Glenn Bigonet, M.A.
Social Activist for Racial Equity
Facilitating Discussions about Racism
"There is no such thing as race. None . . . Scientifically, anthropologically, racism is
a construct--a social construct. And it has benefits. Money can be made off of it, and
people who don't like themselves can feel better because of it. It can describe
certain kinds of behavior that are wrong of misleading."
Systemic racism has become a popular topic in our society today but few people are able to agree on what racism is or have any idea of how to bring about real change in the imbalance in our society along racial lines. Most white people view racism as the outright discrimination against or hatred of people of color. We see racism as individual acts by individual people. We have learned that someone is either racist or not racist. Most of us do not consciously discriminate or hate people of color so we are clear we are not racist. It all seems very clear. Someone is a racist or they are not. But then how does this definition of racism explain the phenomenom we call systemic racism? Much of what is considered racism is more accurately bigotry that is perpetrated by individuals.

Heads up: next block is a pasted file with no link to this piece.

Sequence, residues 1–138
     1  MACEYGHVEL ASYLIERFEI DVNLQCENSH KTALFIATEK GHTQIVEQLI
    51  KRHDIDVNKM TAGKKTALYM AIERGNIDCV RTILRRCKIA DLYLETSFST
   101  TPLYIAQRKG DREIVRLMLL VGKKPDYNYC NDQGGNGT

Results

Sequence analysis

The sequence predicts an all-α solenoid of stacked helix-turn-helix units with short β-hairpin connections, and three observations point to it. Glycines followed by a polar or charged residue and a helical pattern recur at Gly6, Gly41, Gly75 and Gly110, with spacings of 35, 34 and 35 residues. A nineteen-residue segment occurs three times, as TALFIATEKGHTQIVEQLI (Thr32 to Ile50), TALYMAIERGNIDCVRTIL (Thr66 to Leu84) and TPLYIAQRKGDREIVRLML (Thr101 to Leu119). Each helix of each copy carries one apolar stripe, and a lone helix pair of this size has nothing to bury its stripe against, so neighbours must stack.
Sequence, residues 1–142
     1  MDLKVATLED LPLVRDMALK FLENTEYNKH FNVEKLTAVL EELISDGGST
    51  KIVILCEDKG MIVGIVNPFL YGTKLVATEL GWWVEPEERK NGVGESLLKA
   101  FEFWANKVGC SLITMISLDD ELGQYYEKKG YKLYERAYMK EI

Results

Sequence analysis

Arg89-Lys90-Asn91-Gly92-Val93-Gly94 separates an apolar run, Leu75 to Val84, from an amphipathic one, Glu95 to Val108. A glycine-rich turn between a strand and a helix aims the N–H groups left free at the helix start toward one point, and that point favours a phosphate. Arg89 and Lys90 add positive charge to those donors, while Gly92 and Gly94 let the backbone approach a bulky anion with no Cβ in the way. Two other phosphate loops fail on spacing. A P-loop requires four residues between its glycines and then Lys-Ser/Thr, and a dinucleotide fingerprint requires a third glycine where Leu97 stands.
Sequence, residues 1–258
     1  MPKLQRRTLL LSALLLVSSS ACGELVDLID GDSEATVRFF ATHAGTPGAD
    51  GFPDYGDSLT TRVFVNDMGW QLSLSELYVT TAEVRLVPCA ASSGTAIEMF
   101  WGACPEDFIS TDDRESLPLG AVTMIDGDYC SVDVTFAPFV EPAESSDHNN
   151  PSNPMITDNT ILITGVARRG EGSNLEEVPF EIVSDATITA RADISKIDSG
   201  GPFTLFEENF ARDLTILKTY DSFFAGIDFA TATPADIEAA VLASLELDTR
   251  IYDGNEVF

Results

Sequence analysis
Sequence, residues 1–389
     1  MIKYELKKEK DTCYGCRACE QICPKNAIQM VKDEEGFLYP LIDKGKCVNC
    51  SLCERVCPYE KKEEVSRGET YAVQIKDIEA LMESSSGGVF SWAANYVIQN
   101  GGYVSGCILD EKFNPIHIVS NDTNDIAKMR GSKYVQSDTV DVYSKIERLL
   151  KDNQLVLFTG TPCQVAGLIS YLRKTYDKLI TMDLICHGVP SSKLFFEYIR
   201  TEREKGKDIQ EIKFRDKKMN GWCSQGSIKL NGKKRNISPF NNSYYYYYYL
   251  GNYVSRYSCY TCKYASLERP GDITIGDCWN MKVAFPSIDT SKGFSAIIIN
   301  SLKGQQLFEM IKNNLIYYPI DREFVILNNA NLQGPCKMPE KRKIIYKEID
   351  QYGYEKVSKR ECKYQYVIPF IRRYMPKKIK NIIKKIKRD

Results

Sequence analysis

Systemic racism is a system of advantage based on race that is interwoven into our culture and socialized ways of being. Everyone is affected and influenced by racism and all whites world wide benefit from and unconsciously participate in supporting it. Racism is a deep rooted system that includes segregation, white supremacy, white saviorism, white apathy and white centrality. Systemic racism is most often supported through our socialized implicit bias, color blindness, white solidarity and white fragility. In order to uphold this system of racism it is vital no one talks about it or people will have to acknowledge the harm being done. To this end a culture has been developed that keeps whites silent, blocking blacks from confronting it through tone policing and defining asians via the model minority myth to be meek and soft spoken.
In her book "So You Want to Talk About Racism" Ijeoma Oluo diferentiates racial prejudice from racism by defining racism as "any prejudice against someone because of their race, when those views are reinforced by systems of power." (p.26) She later goes on to add that "so much of what we think and feel about people of other races is dictated by our system and not our hearts. Who we see as successful, who has access to that success, who we see as scary, what traits we value in society, who we see as 'smart' and 'beautiful' - these perceptions are determined by our proximity to the cultural values of the majority in power, the economic system of those in power, the education of those in power, the media outlets of those in power..." (p.29) It is important to note that white people can be or feel disempowered in a variety of ways and this does not in any way diminish the systemic power that creates racism.